Today, all that has changed. And as the state has relaxed its control over the minutiae of daily life, citizens have also felt freer to express themselves to each other. Among friends and neighbors, Chinese say what they think about everything, from their political leaders to rising prices to their country's medal chances at the Beijing Olympics.
So where's the problem?
The boulevard of freedoms that Chinese people enjoy may have widened, but it is still lined with precipices. You may be able to criticize the ruling Communist Party over dinner with friends, but airing such views in public – for example on the Internet – can earn you years of prison time.
You would not get a chance to run that risk anywhere else: all newspapers and TV and radio stations are owned by the government and edited by men and women who know where the red lines are drawn. Each time a new issue comes up, the Communist Party propaganda department sends them a directive telling them the line to take.
Freedom of speech is guaranteed in the constitution. But it is upheld only for those who do not challenge Communist Party rule. Communist Party security agents decide what constitutes a challenge.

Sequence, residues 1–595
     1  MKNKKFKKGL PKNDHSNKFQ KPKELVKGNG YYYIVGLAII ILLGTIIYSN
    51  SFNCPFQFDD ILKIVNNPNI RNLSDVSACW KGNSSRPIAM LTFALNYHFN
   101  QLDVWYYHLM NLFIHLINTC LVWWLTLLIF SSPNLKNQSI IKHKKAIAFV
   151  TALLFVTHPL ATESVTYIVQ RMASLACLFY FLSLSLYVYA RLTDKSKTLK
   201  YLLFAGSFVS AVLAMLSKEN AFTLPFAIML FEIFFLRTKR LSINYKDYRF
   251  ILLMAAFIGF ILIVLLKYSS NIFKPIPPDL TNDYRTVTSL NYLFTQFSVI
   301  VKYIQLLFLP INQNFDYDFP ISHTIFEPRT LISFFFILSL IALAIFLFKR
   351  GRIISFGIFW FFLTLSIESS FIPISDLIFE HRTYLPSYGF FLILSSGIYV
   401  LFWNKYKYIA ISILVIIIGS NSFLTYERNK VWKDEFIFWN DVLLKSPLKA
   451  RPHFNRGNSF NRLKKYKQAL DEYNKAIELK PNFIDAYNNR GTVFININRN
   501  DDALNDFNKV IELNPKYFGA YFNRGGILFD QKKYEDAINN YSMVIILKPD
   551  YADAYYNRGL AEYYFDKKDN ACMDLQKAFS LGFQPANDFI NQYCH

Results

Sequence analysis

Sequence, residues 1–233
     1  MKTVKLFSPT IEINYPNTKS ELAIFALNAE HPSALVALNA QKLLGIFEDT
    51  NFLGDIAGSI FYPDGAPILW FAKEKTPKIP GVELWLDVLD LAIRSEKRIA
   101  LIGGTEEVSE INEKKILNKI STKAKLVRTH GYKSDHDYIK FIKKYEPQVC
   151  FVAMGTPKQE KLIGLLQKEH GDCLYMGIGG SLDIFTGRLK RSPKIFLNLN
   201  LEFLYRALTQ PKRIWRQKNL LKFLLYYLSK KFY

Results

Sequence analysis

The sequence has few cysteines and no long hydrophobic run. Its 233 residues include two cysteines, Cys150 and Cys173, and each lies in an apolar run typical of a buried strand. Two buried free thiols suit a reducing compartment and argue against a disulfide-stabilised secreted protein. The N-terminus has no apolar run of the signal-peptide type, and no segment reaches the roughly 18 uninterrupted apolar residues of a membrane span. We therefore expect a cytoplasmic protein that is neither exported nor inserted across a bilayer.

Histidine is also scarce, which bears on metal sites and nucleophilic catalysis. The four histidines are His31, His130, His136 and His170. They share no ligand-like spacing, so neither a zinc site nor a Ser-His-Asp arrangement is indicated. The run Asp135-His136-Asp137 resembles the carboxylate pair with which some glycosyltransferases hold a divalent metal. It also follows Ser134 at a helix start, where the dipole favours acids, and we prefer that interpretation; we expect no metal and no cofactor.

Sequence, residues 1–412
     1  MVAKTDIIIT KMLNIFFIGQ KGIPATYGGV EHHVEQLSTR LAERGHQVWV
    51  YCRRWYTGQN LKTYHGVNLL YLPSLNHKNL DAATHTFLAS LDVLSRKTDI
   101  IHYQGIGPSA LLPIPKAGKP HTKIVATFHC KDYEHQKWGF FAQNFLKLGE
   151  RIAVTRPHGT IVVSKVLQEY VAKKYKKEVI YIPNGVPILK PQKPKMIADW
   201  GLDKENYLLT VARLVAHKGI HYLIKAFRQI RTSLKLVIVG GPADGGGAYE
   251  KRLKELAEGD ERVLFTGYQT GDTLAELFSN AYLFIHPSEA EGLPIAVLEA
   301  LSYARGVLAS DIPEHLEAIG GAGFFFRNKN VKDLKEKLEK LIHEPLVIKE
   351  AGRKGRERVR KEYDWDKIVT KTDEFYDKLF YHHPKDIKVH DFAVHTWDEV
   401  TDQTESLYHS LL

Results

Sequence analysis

Certainly you cannot call for free elections or a multiparty state, or criticize party leaders by name. Nor can you advocate independence for Tibet, or Taiwan's right to self-rule. Nor can you try to set up an independent trade union.
Citizens who have slipped off the rocks, and ended up in jail, include land rights activists, practitioners of the banned Falun Gong spiritual movement, tenants protesting eviction from their homes by developers, defense lawyers, and Tibetan Buddhists and Muslim Uighurs demanding more respect for their cultures and religions, members of Christian churches not authorized by the state, and anticorruption campaigners, among others.